This golden era lasted over a decade as Cuban anarchists struggled against the Machado dictatorship and the succeeding Batista regime before finally succumbing to state repression following the collaboration of Batista with the Cuban Communist Party, established in 1925, in taking control of the central trade union confederation.
Attack on liberty
Anarchists would later take part in the armed struggle against Batista, some as guerrillas in the eastern mountains, others in the urban struggle establishing contact with many revolutionary groups, especially the Directorio Revolucionario, as well as fighting with Castro’s national liberationist 26th of July Movement. However, soon after the initial euphoria of revolutionary victory and the propulsion of Castro to the head of the new government, things turned sour. Leading anarcho-syndicalists were expelled from several unions where they had popular support and influence, anarchist and opposition journals were shut down en masse as freedom of the press was suspended and many anarchists were imprisoned alongside other opposition groups. Although this attack on liberty was not without resistance and many anarchist rebelled with armed struggle or non-violent direct action, took to the hills as guerrilla groups or published clandestine bulletins, their efforts proved futile.
With the failed Bay of Pigs invasion giving the new regime the excuse to crush all opposition and Castro’s declaration of the new government as Soviet socialist, the anarchists were faced with the choice of exile or imprisonment or, in many cases, execution for betrayal of the revolution. Those in exile vowed to show the reality of the new regime to the wider world and expose it as the brutal dictatorship that it had become. However, the endorsement of the government by an old and influential anarchist would make this an almost impossible cause.
Cuban Anarchism brings to light the fascinating story of a forgotten movement, naming uncelebrated figures that have lived and died in the struggle for freedom. It also gives a fascinating account of the relationship between the anarchists and the iconic Cuban national hero, Martí, which is often overlooked in conventional histories. Fernández has researched the history of Cuban anarchism to an impressive degree, uncovering and citing articles that until now had never been seen. His access to the firsthand accounts of anarchist militants who have survived is a testament to his own longstanding position in the exiled anarchist community and enriches his work immensely. The story of how these exiles faced the rejection of the international anarchist community by trying to expose Castro’s regime in the face of pure denial is one of courage and endurance that should, in the 21st century, serve as a lesson about the danger of being swept up in national liberation struggles and denying the realities of governmental authority and oppression.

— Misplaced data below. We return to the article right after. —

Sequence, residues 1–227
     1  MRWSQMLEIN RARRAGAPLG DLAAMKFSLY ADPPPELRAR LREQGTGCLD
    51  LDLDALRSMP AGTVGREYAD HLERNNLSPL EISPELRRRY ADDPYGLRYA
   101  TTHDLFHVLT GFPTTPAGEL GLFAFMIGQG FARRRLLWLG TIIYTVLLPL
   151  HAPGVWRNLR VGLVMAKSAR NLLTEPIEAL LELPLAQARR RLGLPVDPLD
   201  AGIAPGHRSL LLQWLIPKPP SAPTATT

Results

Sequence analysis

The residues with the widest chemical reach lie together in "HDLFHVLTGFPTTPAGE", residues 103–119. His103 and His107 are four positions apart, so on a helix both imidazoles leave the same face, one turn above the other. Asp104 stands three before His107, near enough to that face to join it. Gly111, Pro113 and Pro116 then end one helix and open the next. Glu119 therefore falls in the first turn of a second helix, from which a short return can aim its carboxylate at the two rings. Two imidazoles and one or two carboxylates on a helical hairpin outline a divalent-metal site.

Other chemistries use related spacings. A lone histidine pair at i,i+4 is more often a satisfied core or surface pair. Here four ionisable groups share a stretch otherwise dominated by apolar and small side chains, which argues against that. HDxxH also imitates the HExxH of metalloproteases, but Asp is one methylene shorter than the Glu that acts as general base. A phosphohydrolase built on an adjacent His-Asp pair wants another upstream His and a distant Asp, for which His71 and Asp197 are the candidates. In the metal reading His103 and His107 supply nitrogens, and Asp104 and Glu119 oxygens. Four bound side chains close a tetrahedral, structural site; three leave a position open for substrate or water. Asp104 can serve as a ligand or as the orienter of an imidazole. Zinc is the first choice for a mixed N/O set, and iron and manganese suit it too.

Cuban Anarchism is an important work that will be of interest to anyone keen to explore the hidden history of Cuba beyond the conventional textbook discussion of colonial rule, US influence, Batista’s corruption and Castro’s revolution. However, the book is weakened by its excessive attention to minute historical detail that will be of little interest to most readers, and also lacks any significant analysis of the broad trends within Cuban anarchism. The final chapter provides an interesting account of the brutal policies and inherent failures of the current administration over the last half century that, while significant, lack detailed references and consist instead of personal opinions and hostile sentiment that damages the work’s overall objectivity. This is an issue that is touched upon in the introduction by Chaz Bufe but is excused by stating that this is not a conventional history but a “tribute, a homage to the thousands of Cuban anarchists who worked over the course of more than a century to build a freer, juster world, and who, but for this book, would remain almost entirely forgotten.”
Despite its shortcomings, such a book has long been needed to counteract the rose-tinted vision of Cuba’s lionised revolution continually reconstructed by the governmental propaganda machine and swallowed wholesale, with little criticism, by the international left. Cuban Anarchism is a timely reminder that the world is still far from creating a society that captures the true essence of freedom and equality that generations of people have struggled for. With the emergence of radical governments across Latin America and the distinct swing to the left in countries such as Venezuela and Bolivia, this book is a valuable addition to the study of human freedom and a must read for the next generation of freedom fighters.
Jay Kerr is writing a history of anarchism in Latin America